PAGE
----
Thousands rally in Yerevan to mark the anniversary of 1 March 08Reuters: At least 10 000 anti-government protesters in Armenia on Sunday demanded early elections. (photo - Nazik Armenakian / Reuters) Other estimates - 10 000 to 20 000, or more.
One year ago, these days… Brutal force crushed hopes of many in Armenia who wanted changes in their country. It was a movement comprised of people of varying political/social views/backgrounds who were sick of the current state of affairs in Armenia.
Regardless of my critical opinion of some in the movement, I did support it, as I believed this was the only right choice for me considering the circumstances and alternatives. One year on, I have no regrets for my choice. I could not have done otherwise. There were simply no other channels for people to exercise their rights and hopes for democracy and human rights to arrive in Armenia.
For me, the matter of ultimate responsibility for 1 March tragedy is apparent. I do not need court cases or commissions for that. It’s Armenian authorities who bear the ultimate responsibility for all good and bad happenings in the country. It’s them who issued the orders…
Today, remembering events of 1 March 08, I’d like to express my sincere condolences to families and friends of those killed.
Despite unprecedented tragic consequences, restrictions of civil liberties, political prisoners, the movement had resulted in some important positive developments. It was an awakening for the society in hibernation for more than a decade. Number of genuine, albeit small, civil groups and initiatives were developed, particularly among youth, aimed at democratisation of our society.
For me, one of the main positive outcomes of the movement was the fact that Armenian government, authorities, started paying more attention to public opinion. To the various degree, of course, but they can no longer completely ignore it. Like they used to do pre-movement…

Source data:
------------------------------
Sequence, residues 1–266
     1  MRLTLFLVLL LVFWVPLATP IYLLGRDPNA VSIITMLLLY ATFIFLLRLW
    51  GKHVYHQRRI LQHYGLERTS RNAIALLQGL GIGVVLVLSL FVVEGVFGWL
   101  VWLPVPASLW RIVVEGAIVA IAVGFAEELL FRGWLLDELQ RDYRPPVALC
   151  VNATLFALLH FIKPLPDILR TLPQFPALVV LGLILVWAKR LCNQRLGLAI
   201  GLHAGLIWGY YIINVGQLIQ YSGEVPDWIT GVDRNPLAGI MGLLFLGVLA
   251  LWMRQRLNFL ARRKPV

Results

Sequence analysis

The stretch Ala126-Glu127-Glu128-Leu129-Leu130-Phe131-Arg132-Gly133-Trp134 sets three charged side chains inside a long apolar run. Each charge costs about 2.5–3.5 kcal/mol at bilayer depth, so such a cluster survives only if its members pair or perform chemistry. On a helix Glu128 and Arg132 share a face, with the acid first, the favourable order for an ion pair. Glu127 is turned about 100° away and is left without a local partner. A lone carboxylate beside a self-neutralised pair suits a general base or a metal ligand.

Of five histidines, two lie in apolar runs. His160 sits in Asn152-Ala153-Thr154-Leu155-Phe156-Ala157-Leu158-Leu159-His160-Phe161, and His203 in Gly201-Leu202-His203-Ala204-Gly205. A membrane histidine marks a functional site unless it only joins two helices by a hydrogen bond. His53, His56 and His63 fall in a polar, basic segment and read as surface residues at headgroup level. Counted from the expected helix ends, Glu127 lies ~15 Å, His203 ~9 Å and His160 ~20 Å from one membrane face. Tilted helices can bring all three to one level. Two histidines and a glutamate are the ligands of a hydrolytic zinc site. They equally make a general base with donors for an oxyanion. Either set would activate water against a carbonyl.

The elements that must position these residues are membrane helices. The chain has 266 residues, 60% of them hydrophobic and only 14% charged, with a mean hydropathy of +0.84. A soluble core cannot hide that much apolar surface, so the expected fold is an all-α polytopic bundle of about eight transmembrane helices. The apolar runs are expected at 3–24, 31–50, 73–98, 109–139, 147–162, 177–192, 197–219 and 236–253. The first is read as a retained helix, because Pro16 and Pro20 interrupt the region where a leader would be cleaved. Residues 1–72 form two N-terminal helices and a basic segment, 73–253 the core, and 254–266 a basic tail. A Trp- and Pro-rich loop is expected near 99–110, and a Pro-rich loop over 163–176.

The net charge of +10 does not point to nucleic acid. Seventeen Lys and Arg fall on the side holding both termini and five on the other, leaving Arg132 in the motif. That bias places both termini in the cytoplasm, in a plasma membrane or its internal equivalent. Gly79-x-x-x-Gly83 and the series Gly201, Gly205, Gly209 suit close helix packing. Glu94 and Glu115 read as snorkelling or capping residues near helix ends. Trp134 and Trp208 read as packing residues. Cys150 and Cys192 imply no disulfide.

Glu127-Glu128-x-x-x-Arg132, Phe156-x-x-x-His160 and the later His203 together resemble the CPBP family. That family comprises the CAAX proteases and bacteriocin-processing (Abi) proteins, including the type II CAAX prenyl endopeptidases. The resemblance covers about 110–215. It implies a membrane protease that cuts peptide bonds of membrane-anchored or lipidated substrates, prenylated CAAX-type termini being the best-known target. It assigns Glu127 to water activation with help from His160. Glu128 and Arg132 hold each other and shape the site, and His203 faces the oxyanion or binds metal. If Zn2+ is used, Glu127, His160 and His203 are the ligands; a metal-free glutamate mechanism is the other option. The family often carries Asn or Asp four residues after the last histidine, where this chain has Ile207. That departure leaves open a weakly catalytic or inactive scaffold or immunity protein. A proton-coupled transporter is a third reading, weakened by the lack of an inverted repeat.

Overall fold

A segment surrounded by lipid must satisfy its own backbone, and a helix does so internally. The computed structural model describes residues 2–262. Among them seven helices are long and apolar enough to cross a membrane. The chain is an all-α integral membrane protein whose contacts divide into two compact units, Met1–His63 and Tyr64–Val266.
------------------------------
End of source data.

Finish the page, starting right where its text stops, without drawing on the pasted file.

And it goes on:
Still, one of the ultimate aims of the movement – free elections, key feature of democracy, seems something of a dream than a reality any time soon. Initial signs of the upcoming Yerevan mayoral (municipality) elections do not look particularly promising.
It is not surprising, therefore, that key slogans of thousands protesters who defied the ban by the authorities to mark the 1st anniversary of 1 March 08 in Yerevan were: "Free Political Prisoners", "For Early Elections", “Punish 1 March Perpetrators”, and… “No To Tax Terror”.
Previously announced opposition hiatus was partly ‘justified’ by the Karabakh conflict. The point was that Karabakh deal is imminent, and 'we do not want damaging our country’s interests and make it even more vulnerable to external pressures'. The ‘hope’ was that the authorities would sign up to the unfavourable settlement plan which would stir popular anger and... All ‘hopes’ now on socioeconomic/financial crisis, as was evident from the opposition leader, Armenia’s first president Ter-Petrosyan speech, which was remarkable by a change in rhetoric, a kind of U-turn.
There is nothing wrong with the opposition using current problems to their advantage. It may not seem ethical, but it is within the rules of game. Any opposition party would do so, whether in Armenia or abroad.
However, there is a feeling among some opposition supporters (past or present) that its leaders are lacking a clear vision on ways forward.
One more remark. While (from the opposition side) there was no ‘ours’ and ‘theirs’ divide in relation to those killed, police chief of Armenia was speaking the other day of “we also had 2 dead”, as if you could divide those who were killed on 1 March into ‘ours’ and ‘theirs’.